Ryan, Digital Librarian, gave our group tips on storing data appropriately to avoid all-too-common digital loss. As a digital humanities lab, the Chapman Center wants to ensure our collections are accessible long after they are completed. In order for this continued accessibility, Ryan notes that projects must be deliberate in the information saved and how it is saved. Ryan showed us the 5 organizational stages to a digital preservation project and demonstrated the importance of a well-designed schema of metadata and microdata for digital collections, using KREX, K-State’s research repository, as an example.


Dr. Sara K. Kearns, Librarian for the Humanities, Hale Library

Dr. Sara K. Kearns, Development Librarian for Arts, Architecture, and the Humanities, introduced our students to Zotero, a free personal research assistant that serves as a fantastic aid to collecting, organizing, citing and sharing research. She also taught students how to research material items. First, she showed us an image of a mysterious metal object which was said to be an old fencer.  By searching numbers at the patent office website, searching Google images, and browsing K-State farm journals to investigate the origins of items, students witnessed the piecing together of research to arrive at the identity of the item. With each source, the item was unveiled through research resources available to K-State students!

Our students benefited greatly from Ryan and Sara’s presentations. As a result, they are thinking bigger, broadening the scope of their research, and have expanded the research tools at their disposal.




Written by Maggie Cody

Online Journal for Rural Research & Policy announces top article for 2018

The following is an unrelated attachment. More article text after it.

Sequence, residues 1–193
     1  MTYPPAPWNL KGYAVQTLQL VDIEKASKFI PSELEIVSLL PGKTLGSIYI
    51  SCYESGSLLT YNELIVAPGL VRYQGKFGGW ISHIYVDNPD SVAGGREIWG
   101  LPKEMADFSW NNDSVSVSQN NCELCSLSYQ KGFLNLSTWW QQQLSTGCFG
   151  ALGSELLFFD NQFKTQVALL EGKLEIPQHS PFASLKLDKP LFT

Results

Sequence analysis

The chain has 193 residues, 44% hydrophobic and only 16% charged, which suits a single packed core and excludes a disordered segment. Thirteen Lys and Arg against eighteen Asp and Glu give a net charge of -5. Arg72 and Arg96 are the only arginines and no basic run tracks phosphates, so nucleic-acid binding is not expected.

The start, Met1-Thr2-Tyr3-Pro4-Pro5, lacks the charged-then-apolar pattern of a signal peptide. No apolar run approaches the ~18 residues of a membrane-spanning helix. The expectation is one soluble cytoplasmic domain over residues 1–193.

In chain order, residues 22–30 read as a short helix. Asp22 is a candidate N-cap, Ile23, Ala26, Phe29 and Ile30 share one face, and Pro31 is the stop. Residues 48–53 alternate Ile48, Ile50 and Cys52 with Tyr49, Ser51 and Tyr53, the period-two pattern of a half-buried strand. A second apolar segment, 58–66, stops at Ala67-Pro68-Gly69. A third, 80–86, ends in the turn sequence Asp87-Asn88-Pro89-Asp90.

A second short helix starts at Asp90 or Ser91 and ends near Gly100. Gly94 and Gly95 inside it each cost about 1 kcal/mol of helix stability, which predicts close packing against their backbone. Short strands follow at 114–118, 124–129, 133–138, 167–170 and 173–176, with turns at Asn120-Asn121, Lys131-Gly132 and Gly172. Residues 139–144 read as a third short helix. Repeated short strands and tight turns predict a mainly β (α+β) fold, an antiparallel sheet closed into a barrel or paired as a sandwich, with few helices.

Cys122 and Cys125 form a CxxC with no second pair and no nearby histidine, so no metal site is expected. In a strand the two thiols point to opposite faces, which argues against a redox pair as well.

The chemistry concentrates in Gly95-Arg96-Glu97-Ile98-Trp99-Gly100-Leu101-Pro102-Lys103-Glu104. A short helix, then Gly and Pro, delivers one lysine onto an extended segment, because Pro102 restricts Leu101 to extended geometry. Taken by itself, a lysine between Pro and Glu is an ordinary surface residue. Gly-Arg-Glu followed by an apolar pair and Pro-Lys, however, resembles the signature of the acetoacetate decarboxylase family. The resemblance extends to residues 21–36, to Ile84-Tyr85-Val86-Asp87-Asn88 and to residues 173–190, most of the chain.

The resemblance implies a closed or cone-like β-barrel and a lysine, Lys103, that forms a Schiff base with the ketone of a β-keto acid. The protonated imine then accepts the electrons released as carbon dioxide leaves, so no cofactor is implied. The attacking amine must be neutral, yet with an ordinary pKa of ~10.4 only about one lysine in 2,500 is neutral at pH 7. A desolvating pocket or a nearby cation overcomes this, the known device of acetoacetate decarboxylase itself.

The Online Journal of Rural Research & Policy is a peer-reviewed, online publication that publishes academic and community-based research, commentary, and policy articles focused on the Great Plains for academic and community audiences alike. Since 2006, it has been the OJRRP’s mission not just to present theory but stimulate meaningful discussion, encourage research on rural issues, and improve access to information that promotes and enhances rural people and places.

Its mission is inextricably linked with the Chapman Center’s mission to research, preserve, and share the history and lived experience of rural places. Chapman Center Director Dr. Bonnie Lynn-Sherow edits the journal with assistance from grad student Bradley Galka.

Since 2017, the OJRRP editorial board recognizes the top article published each year. The honorary $500 prize, the Thomas P. Gould award, was named for beloved K-State A. Q. Miller School of Journalism professor and founding editor of the OJRRP who passed away in February 2016. His wife, Cheryl Gould, donated half of the prize money in his honor.

Koch_Capitol Summit_Photo

H. Martin Koch

H. Martin Koch earned this year’s award for his article  “Digital Utilities: The Factors Impacting Municipal Broadband Decisions Among Local Leaders” which examines the challenges to providing rural communities with adequate internet access and proposes strategies for community action to overcome these hurdles.

“My article is intended for anyone who is interested in helping their community prosper through access to more economical, equitable and effective information systems,” Koch said. “It illustrates challenges and solutions to municipal broadband implementation by leveraging statistical analysis with the practical expertise of Kansas community managers.” Koch, a 2017 University of Kansas graduate with an M.A. in Geography, is currently employed as an environmental compliance and regulatory specialist for the Kansas Department of Agriculture.

Check out the announcement in K-State Today and join us in congratulating this year’s winner!

Interested in being considered for the 2019 award? The OJRRP welcomes original research and policy articles from all disciplines authored by scholars, students, community development practitioners and policy makers. To see if your article fits in the mission of the OJRRP, contact editor, Bonnie Lynn-Sherow at

Dream Team, Spring 2019